In a world of record low interest rates, dividends have been finally been getting the respect they deserve.
But as rates rise and other fixed income investments become more attractive, investors wonder if it is time to shift focus. Each person makes that decision based on their circumstances, but dividend-paying stocks have a place at the heart of all balanced portfolios.
The power of dividends lies in their effect over time and what they tell you about a company. A history of dividends says a company is financially stable, has confidence in the future and respects its shareholders by returning cash to them. When a bear market forces share prices down, you can wait for a rebound, while still collecting a payment.
The impact of dividends on your total return can be substantial. An analysis published in 2012 by Guinness Atkinson Funds in the UK, suggests that dividends provide between 30% and 40% of gains in the short and medium-term.
Guinness Atkinson reviewed the total returns of the 500 companies in the S&P 500 index from 1940 through 2012. They found that for an average holding period of one year, dividends accounted for 27% of total returns. Over 3 years, they accounted for 38% of returns. After 5 years it was 42%.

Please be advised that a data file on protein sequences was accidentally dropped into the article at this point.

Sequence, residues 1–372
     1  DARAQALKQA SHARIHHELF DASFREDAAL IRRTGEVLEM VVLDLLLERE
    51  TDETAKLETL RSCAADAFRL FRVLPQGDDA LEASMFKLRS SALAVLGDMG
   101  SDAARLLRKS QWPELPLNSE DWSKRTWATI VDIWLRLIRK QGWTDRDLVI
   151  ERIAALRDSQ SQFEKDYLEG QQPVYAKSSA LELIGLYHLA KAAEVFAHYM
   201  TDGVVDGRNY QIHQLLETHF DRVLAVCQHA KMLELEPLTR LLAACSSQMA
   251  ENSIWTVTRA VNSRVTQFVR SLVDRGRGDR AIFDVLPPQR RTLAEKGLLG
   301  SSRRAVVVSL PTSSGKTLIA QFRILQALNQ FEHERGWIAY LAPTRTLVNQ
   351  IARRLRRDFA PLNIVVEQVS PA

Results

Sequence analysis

If dividends are reinvested through Dividend Reinvestment Plans (DRIPs) the returns are supercharged. Albert Einstein called this power of compound interest the Eighth Wonder of the World as the reinvestment gives you dividends on dividends.
The Guinness Atkinson study pointed out that many non-dividend-paying stocks are also excellent performers and there is no one size fits all. Some growth companies pay token dividends, but have strong share appreciation. Some good dividend payers offer modest share price growth. An overly generous dividend yield may indicate a company in trouble.
The authors concluded that an individual’s investment process should start with a plan. The plan will produce the right mix of fixed income investments, stocks, ETFs and mutual funds to build a portfolio.